Korean J Pain 2021; 34(1): 94-105
Published online January 1, 2021 https://doi.org/10.3344/kjp.2021.34.1.94
Copyright © The Korean Pain Society.
Department of Psychology, Chungnam National University, Daejeon, Korea
Correspondence to:Sungkun Cho
Department of Psychology, Chungnam National University, 99 Daehak-ro, Yuseong-gu, Daejeon 34134, Korea
Jeongwi An’s current affiliation: Department of Psychology, West Virginia University, Morgantown, West Virginia, USA
Received: April 1, 2020; Revised: October 10, 2020; Accepted: October 11, 2020
Background: Many patients with complex regional pain syndrome (CRPS) have been known to be at risk of suicide, due to severe pain and its comorbid conditions. The risk of suicide may be associated with affective instability, which is an indicator of emotional dysregulation. Particularly, unstable shifts in negative emotions are difficult to cope with, which may result in individuals feeling uncontrollable, hopeless, and entrapped. This study aimed to examine the role of affective instability in the relationship between pain intensity and suicide risk (suicidal ideation and impulsivity) in patients with CRPS, by employing a daily diary.
Methods: Twenty-three patients registered at the CRPS Association in Korea were asked to complete a day-to-day routine for 15 days, followed by a diary composed of pain intensity, suicidal ideation, impulsivity, and positive and negative affects.
Results: Results showed that the interactions between negative affective instability and daily pain intensity were statistically significant on daily suicidal ideation (coefficient = 0.41, t (21) = 2.56, P < 0.050) and daily impulsiveness (coefficient = 1.20, t (19) = 3.35, P < 0.010). However, those between positive affective instability and daily pain intensity were not.
Conclusions: This study is the first attempt to investigate the role of affective instability on the relationship between daily pain intensity and daily suicide risk in patients with CRPS. Our findings suggest that health professionals pay considerable attention to the instability of negative affects when assessing and managing patients with CRPS at risk of suicide.
Keywords: Affect, Complex Regional Pain Syndromes, Emotions, Impulsive Behavior, Mood Disorders, Pain, Suicidal Ideation, Suicide.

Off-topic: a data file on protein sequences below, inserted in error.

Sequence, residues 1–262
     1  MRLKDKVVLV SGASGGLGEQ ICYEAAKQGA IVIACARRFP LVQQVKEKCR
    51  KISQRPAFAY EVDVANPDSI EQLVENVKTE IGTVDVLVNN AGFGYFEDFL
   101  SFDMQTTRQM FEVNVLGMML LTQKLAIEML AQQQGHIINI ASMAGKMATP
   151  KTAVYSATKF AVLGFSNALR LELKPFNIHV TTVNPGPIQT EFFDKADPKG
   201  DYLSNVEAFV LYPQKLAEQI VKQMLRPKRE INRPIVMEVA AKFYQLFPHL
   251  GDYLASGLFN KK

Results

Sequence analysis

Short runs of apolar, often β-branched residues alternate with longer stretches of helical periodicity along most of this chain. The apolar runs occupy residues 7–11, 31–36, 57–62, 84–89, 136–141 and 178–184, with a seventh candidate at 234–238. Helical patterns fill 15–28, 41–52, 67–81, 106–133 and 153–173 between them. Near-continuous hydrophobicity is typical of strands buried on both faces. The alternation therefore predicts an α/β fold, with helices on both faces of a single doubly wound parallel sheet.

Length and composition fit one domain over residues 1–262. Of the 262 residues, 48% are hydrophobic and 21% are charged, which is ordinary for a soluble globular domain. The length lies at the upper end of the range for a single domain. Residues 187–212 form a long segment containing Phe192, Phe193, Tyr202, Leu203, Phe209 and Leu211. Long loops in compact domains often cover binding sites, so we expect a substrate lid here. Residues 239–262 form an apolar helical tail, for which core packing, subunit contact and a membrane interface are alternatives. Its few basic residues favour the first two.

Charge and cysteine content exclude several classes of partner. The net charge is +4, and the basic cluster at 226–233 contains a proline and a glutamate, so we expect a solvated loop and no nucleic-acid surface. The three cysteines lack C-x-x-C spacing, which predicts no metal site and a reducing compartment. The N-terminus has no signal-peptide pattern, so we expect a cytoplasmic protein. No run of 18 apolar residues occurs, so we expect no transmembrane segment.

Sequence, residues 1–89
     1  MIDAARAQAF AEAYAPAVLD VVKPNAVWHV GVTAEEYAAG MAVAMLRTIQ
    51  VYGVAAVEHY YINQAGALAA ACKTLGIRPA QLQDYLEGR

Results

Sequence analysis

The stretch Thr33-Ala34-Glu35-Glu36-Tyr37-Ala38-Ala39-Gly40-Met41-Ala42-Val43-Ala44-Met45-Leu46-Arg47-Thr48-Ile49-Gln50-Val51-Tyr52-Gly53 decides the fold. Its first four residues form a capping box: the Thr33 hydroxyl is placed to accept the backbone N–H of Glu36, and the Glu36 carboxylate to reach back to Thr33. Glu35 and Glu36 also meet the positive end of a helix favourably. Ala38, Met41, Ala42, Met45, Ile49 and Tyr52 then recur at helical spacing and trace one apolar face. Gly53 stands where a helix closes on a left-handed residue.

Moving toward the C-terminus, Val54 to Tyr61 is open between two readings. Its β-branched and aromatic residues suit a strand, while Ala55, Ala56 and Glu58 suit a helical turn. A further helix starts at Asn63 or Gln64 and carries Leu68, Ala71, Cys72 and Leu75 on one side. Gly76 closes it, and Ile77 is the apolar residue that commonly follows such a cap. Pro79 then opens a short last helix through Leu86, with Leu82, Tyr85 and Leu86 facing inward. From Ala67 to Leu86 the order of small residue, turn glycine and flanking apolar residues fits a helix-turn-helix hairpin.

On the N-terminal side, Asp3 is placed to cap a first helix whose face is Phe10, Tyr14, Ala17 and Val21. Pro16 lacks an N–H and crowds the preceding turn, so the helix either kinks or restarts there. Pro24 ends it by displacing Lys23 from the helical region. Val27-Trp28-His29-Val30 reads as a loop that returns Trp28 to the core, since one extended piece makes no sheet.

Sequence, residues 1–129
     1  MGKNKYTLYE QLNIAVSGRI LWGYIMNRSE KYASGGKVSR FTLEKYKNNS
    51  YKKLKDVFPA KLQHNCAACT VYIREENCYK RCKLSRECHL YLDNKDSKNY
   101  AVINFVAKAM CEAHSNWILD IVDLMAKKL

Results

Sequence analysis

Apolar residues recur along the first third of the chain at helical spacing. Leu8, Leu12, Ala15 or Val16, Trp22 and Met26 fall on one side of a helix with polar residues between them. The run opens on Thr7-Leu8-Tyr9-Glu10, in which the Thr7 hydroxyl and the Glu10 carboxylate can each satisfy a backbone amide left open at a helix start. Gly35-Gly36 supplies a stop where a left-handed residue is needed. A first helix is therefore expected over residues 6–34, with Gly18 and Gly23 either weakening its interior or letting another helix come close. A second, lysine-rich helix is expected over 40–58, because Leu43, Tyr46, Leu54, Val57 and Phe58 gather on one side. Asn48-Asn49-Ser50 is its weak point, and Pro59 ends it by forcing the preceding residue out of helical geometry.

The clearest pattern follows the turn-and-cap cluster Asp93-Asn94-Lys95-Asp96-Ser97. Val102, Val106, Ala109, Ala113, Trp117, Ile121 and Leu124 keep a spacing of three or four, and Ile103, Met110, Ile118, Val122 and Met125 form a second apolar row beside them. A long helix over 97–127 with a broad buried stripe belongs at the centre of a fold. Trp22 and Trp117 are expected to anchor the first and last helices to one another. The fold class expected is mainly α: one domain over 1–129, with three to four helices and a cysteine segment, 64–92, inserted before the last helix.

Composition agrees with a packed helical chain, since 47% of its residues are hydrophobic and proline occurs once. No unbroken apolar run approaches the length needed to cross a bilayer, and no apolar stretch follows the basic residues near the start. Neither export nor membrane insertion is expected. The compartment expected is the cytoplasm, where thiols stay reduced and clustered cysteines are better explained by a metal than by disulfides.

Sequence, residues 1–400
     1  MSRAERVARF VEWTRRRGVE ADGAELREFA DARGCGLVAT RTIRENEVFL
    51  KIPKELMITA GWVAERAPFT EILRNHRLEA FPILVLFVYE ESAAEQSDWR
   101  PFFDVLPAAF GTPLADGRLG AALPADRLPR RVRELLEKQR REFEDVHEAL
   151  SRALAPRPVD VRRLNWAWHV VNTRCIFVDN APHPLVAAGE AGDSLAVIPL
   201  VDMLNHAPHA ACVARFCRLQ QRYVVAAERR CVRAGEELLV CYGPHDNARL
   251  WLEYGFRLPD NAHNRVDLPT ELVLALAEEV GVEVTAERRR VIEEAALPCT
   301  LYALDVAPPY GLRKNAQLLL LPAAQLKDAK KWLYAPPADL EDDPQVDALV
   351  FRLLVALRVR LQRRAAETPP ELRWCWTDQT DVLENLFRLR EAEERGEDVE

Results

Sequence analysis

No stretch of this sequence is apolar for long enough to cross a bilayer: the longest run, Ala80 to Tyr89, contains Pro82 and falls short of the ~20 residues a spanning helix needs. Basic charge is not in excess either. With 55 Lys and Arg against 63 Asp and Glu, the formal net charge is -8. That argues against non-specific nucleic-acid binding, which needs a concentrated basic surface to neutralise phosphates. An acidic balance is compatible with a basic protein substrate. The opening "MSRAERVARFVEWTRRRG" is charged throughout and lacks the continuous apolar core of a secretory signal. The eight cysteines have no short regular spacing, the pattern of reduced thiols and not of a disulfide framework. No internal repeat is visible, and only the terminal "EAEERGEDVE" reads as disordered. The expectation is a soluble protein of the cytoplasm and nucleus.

Complex regional pain syndrome (CRPS) is a chronic pain condition that may be caused by trauma, nerve injury, fracture, or surgery. Furthermore, it may have no specific cause . CRPS has been known to be an extremely painful condition . Consequently, many patients with CRPS are severely restricted in almost all areas of life [2,3]. These restrictions pose a substantial challenge to them in their lives, which may lead to emotional distress such as depression, anxiety, anger, frustration, and hopelessness [3-5]. Accordingly, patients with CRPS may have a higher risk of suicide . An epidemiological study on CRPS has reported that 49.3% of patients with CRPS considered suicide and that the actual suicide attempt rate was 15.1% . These rates are higher than those of the general population and other pain populations [6,8].
The high risk of suicide may be associated with affective instability, which is an indicator of emotional dysregulation . Affective instability is defined as marked, frequent, and abrupt shifts between different emotions (
Patients with CRPS often experience flare-ups . Such flare-ups are difficult to cope with and manage , and accordingly, the patients’ emotions are likely to fluctuate. Repeated fluctuations in negative emotions can develop elaborated, entrenched, and sensitive suicidogenic cognitive structures, thereby increasing the risk for suicide behaviors . A recent diary study  may elucidate this relationship although no studies have yet investigated the role of affective instability on suicide risk in patients with chronic pain including CRPS. This study demonstrated that affective instability moderated the relationship between daily pain intensity and pain outcomes (
Affective instability is a state of variable mood shifts , which require measurement to determine the changes over time while the range of mood changes is considered. Thus, the daily measurement of affective instability may ensure the ecological validity of the results . We hypothesized that affective instability moderates the relationship between daily pain intensity and daily suicide risk (